8. #8
    Oyagoi HEADACHE6's Avatar
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    Mike, We know you don't like the "Move Up" System. Could you share what Awards lets say Your Show would have ?

  9. #9
    Honmei ricshaw's Avatar
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    Quote Originally Posted by MikeM View Post
    For the same reasons, I disagree with the move-up system as a whole, but that it too radical for any show to consider.
    I agree with Mike.


    Somebody needs to explain in general terms "why" Kohaku, Sanke, and Showa belong in the three noble houses. The Gosanke question comes up often at a show.

    Or do we stick with JR's "they possess all the elements that are injected into other branches of the nishikigoi clan. Remember, once isolated, a gene pool is unique and can never be exactly the same as it was before the isolation. Crossing the 'royals' back into other nsihikigoi varieties gives then traits of the royals-- but it does not make the same as the royals."

  10. #10
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    Quote Originally Posted by ricshaw View Post
    I agree with Mike.


    Somebody needs to explain in general terms "why" Kohaku, Sanke, and Showa belong in the three noble houses. The Gosanke question comes up often at a show.

    Or do we stick with JR's "they possess all the elements that are injected into other branches of the nishikigoi clan. Remember, once isolated, a gene pool is unique and can never be exactly the same as it was before the isolation. Crossing the 'royals' back into other nsihikigoi varieties gives then traits of the royals-- but it does not make the same as the royals."
    We'll I like it! LOls

    Ok here is something that a lot of folks still do not know-- Kohaku and Sanke are the only actual line bred koi for the past 100 years. And so they have been perfected in shape, skin, color and pattern. It is also important to know that the Japanese like many Asians are big believers in 'quality goods' as a good value. The breeders value the Gosanke most of all because they are the most refined and most worked with. And for the koi kichi like myself, Gosanke are the fish that individual carry the most mutation trait genetics. More than any of the others.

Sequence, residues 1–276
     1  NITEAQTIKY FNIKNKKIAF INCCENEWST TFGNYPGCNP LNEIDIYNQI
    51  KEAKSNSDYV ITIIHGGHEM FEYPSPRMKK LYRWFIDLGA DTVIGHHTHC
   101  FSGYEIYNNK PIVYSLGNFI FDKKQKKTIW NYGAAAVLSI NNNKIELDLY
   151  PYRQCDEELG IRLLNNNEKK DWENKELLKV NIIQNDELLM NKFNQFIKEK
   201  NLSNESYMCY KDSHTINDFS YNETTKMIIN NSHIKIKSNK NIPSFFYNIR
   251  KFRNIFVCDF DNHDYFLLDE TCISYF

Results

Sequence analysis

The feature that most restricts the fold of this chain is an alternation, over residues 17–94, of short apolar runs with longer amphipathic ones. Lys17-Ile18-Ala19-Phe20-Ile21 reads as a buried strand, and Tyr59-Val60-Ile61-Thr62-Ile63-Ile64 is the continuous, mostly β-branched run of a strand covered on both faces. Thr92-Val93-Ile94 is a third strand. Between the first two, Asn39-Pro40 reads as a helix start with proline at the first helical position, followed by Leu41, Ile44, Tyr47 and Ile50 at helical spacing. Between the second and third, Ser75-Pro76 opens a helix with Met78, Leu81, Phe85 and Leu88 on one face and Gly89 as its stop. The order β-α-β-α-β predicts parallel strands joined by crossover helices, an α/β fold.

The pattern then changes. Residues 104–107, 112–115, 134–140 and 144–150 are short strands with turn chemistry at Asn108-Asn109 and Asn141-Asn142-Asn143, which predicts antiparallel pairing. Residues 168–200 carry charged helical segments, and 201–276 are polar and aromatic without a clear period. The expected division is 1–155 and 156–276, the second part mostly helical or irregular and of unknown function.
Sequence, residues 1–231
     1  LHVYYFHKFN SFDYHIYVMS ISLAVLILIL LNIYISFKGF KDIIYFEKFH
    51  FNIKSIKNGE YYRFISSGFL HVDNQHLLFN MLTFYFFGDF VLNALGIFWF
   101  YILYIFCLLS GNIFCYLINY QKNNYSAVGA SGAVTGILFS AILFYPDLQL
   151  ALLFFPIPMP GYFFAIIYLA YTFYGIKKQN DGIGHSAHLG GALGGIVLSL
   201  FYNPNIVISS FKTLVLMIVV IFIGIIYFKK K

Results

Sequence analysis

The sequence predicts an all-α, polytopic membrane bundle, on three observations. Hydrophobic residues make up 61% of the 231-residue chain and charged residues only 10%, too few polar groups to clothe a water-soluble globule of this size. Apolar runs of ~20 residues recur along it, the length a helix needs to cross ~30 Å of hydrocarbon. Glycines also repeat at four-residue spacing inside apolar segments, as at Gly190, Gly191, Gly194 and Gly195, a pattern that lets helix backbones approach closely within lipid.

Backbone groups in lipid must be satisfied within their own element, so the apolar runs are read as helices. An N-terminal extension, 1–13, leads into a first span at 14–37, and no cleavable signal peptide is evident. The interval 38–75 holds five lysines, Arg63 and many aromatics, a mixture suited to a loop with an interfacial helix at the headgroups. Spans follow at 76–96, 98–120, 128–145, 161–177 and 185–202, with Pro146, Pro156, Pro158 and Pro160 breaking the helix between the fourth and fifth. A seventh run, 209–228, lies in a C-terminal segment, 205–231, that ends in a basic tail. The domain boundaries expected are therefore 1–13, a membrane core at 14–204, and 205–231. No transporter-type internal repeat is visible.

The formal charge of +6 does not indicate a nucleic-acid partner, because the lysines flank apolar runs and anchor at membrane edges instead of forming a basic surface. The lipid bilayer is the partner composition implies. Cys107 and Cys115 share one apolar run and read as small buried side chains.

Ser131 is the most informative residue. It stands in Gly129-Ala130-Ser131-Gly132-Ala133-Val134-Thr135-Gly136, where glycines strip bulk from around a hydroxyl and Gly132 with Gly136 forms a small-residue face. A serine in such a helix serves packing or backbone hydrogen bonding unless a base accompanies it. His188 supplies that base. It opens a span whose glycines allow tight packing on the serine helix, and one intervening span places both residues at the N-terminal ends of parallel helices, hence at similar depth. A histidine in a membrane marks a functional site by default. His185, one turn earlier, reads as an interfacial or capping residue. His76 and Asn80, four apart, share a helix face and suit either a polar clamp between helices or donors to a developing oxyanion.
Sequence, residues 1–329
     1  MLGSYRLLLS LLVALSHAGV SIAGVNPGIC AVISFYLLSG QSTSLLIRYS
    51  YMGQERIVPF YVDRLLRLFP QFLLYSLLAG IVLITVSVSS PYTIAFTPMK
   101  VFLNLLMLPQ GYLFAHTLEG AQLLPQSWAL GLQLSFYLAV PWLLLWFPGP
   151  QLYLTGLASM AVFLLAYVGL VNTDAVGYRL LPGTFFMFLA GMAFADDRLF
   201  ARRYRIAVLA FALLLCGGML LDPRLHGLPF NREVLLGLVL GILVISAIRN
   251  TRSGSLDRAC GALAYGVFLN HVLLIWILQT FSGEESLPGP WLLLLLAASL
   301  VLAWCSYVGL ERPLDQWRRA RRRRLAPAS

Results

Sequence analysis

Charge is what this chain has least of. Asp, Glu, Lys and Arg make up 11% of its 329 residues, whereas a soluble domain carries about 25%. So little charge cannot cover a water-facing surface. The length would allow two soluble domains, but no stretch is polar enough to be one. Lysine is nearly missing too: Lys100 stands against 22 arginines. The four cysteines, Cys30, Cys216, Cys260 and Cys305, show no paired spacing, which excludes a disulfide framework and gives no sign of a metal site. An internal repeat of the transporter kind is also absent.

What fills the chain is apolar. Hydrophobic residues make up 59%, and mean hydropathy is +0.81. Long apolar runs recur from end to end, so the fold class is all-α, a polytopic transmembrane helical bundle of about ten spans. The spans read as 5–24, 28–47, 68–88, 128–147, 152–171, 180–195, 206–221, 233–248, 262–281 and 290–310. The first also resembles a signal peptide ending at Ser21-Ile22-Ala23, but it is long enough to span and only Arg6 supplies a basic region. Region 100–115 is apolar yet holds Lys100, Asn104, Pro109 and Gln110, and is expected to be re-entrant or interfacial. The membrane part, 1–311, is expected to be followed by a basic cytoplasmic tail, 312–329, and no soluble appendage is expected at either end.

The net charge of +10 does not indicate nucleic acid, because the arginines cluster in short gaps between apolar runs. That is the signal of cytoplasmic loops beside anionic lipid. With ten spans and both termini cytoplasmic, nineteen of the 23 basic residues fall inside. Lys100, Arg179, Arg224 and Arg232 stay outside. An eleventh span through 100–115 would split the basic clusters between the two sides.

In addition, it is helpful to know that koi are the creation of thousands of breeders over hundreds of years. But the fish traits were introduced SYSTEMATICALLY and shared with each establushed variety in turn. You might have attended one of my lectures where I chart the roll out of hikari in all existing varieties one by one. yet there are two distict types of hikari fish-- all based on how they are mixed with older varieties.
    In the case of Gosanke, once there traits were perfected they were introduced systematically to close white based relatives. But still, there other varieties can have some of the Gosanke traits but they don't have all of them. And most importantly, those that get some kohaku trait can't produce more kohaku! The line represents pure mutation genes reproducable in a line of kohaku.

    A gosanke like a sanke has :
    1) a mutation white skin ( shiroji) that captures light and reflects it back, making the fish look like wet china.
    2) the mutation white skin has guanine content that sparkles like diamond dust or outlines the scale
    3) the scales are appointed with ornmental boarders
    4) the fish possess a mutation pattern known as a piebald pattern
    5) the color cells of red are a mutation that mixes different shades of red to give a special effect
    6) the sanke has a mutation of black cells that gather at key points on the body to make a look of indigo ink.
    7) the sanke has semi transparent mutation collagen fibers that give the pattern a three dimensional look.

    this is a truly remarkable accomplishment of man and nature and only the line bred fish that has been worked on for generations of know stock has such traits. JR